I asked, “Won’t you let me in?” He said, “No, there’s a friend of mine in there with his girlfriend. He wouldn’t be pleased to see you.” “Ah, a friend of yours in your room and he wouldn’t be pleased to see the room owner’s girlfriend? Seriously?” My suspicion shot up so I started heading for the door. He won’t open. When our voices started going up, I saw a lady, wearing only panty, tiptoeing in the room. She came to stand in the window to see what was happening. I screamed at her, “What are you doing in my boyfriend’s room?” She pulled her head off immediately and left the window.”

I got the message. He was in there with another woman. I looked at her bare chest and saw my name boldly tattooed there. I asked him, “So that really didn’t mean a thing to you? She didn’t ask you whose name it was? She didn’t care to know?” He looked horrified and helpless. I didn’t know what his fears were—whether the thought of losing the girl in there or he was simply horrified about me finding out.

I was eighteen when he found me. He said we would be married when I turn twenty-three. At twenty-two, at the doorstep of the room we made our first love, I said goodbye to him never to return again. Four years in a relationship and all I had left was just a tattoo of his name under my breast. Crazy. But I didn’t care. If he could have someone with my name on his chest then I could also have someone with his name under my breast.

When I told David how I came to have that Tattoo, he didn’t sound perturbed but when he decided to leave the relationship, he said, “How can I be walking with a woman who has another man’s name on her skin?” He told me on several occasions that the tattoo wasn’t the reason but I knew the tattoo was part of the reason. Frederick came, saw my Arthur tattoo, asked questions, and later ghosted me. He wouldn’t answer my calls or respond to my messages. He just disappeared. It might have been the tattoo.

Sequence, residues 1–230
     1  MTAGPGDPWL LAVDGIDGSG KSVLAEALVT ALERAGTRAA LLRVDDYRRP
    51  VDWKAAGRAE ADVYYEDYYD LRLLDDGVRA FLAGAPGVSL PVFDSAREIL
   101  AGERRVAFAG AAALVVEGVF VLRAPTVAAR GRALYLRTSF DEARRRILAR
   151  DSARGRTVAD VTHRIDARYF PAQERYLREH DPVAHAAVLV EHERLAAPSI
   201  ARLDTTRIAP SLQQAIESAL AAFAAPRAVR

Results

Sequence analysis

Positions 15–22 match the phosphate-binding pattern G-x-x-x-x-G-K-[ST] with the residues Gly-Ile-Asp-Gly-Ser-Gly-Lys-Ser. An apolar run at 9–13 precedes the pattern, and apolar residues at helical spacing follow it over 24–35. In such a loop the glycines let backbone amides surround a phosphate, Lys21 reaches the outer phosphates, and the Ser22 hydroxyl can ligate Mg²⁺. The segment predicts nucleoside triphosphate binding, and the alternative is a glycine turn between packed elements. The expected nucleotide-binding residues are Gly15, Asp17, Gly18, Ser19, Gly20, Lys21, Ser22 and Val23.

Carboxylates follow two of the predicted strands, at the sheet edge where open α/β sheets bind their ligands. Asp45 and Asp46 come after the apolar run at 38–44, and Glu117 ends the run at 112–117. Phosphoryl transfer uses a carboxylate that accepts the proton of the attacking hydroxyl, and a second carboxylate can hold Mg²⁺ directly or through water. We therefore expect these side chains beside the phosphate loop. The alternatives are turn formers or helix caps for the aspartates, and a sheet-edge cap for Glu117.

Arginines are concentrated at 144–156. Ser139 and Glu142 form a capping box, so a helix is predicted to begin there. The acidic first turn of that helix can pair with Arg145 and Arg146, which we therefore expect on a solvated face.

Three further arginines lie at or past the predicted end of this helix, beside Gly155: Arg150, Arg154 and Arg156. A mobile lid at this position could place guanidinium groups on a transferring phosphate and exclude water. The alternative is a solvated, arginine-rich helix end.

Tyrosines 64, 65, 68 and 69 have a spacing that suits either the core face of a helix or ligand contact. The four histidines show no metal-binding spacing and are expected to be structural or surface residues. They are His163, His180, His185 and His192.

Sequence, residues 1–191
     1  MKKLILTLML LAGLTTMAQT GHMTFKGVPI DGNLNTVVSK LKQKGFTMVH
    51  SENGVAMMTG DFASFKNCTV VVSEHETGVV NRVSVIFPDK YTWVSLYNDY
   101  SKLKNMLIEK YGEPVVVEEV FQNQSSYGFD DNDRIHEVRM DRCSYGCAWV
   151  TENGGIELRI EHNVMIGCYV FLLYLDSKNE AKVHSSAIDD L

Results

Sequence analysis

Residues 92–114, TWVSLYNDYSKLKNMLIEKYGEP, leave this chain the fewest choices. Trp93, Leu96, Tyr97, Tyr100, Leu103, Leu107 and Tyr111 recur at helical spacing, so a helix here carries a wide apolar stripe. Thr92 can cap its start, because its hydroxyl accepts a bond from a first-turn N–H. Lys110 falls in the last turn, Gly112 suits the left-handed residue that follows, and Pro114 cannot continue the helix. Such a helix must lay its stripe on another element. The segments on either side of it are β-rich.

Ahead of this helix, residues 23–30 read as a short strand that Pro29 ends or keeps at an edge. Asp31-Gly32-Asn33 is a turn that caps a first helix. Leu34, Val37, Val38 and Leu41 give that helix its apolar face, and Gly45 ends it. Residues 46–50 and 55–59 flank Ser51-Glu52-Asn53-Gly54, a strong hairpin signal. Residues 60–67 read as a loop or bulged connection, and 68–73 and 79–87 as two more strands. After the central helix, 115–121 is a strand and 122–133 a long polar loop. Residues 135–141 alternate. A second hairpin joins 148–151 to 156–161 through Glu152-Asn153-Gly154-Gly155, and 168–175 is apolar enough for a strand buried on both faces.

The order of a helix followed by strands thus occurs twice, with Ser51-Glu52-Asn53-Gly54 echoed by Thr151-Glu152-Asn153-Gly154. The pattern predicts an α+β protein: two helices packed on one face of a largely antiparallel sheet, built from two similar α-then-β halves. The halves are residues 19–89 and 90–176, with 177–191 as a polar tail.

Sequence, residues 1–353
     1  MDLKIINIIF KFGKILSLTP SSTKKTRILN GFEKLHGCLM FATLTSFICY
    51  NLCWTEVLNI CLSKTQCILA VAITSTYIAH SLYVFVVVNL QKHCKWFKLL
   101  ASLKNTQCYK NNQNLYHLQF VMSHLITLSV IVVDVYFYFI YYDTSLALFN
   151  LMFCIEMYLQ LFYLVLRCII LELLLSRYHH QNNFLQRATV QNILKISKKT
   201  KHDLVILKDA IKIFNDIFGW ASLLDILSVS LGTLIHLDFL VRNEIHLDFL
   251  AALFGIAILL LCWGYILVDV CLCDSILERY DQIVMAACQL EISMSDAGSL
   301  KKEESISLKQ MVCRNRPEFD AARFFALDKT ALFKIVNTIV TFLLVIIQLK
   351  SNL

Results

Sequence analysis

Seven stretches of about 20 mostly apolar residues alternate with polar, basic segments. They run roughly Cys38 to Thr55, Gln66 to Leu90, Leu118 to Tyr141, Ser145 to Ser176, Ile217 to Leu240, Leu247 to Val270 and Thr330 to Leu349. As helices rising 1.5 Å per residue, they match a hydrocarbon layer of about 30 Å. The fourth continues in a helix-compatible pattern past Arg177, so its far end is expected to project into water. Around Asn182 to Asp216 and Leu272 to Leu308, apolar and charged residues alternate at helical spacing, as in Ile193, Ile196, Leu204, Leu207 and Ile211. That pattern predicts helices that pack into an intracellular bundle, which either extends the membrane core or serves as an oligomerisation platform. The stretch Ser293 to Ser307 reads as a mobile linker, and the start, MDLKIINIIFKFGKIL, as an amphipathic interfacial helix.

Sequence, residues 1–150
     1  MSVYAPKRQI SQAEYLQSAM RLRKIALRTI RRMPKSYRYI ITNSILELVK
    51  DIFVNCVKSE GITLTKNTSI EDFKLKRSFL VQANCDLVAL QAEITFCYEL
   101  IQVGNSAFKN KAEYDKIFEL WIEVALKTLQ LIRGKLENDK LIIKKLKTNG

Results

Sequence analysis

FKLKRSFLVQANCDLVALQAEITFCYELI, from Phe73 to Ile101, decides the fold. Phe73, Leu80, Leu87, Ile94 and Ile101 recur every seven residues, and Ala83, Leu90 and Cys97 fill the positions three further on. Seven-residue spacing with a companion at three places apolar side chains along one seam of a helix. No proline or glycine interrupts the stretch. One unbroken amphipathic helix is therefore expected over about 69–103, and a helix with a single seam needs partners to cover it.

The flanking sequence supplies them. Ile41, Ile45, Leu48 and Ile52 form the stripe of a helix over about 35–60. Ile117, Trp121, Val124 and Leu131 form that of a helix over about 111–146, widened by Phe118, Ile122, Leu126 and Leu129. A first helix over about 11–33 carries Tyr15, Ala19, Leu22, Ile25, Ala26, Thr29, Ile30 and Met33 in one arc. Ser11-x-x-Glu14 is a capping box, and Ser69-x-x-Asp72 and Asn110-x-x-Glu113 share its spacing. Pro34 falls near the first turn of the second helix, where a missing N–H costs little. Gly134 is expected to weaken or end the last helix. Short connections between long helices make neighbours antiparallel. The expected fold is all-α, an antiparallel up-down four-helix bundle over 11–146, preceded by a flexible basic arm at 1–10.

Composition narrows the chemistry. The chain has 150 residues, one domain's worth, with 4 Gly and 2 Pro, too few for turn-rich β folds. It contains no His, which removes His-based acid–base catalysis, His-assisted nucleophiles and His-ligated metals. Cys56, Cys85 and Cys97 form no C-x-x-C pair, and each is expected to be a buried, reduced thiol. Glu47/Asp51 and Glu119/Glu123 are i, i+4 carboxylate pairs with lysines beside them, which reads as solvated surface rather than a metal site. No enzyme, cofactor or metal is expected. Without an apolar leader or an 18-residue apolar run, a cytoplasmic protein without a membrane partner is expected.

James came along. I knew it was just a matter of time and he too will disappear and come no more. I thought of lying to him about the tattoo. I thought of telling him it was the name of my uncle who took care of my education and gave me a lot of opportunities in life. I thought of telling him it was there in remembrance of his kindness but how long could a lie survive. No one in my family was called Arthur though. So I told him the truth and he laughed at me. He said, “Silly things young lovers do but thank God for the wisdom we find in growth.”

One year later, we were still together. I counted it as all joy but I was still waiting for the day he would use that as an excuse and leave. Two years later, we were still together and in love. And the crazy thing was, he never stopped teasing me about the tattoo. He could send me a lovely message and end it by saying, “My greetings to Arthur the tattoo.” Three years later, we were still together. By this time I was so convinced we were going to end up being married.

Six years later, we are still here, married with two adorable kids that bring joy to our hearts each passing day. Guess what, I still walk around bearing Arthur’s name beneath my breast. I thought of covering it with another tattoo but I didn’t want to go through the same pain twice. When I discussed it with my husband, he said, “You don’t have to do it if you don’t want to do it. Take it as one of the scars on your skin. You can’t get rid of them. You can only make peace with them and live. It doesn’t bother me. Not at all.”

Now, anytime I look at the tattoo, it doesn’t bring me memories of the one whose name it was. It rather reminds me of what my husband said; “It’s just a scar.” A scar to remind me of my reckless youth.

—Esther.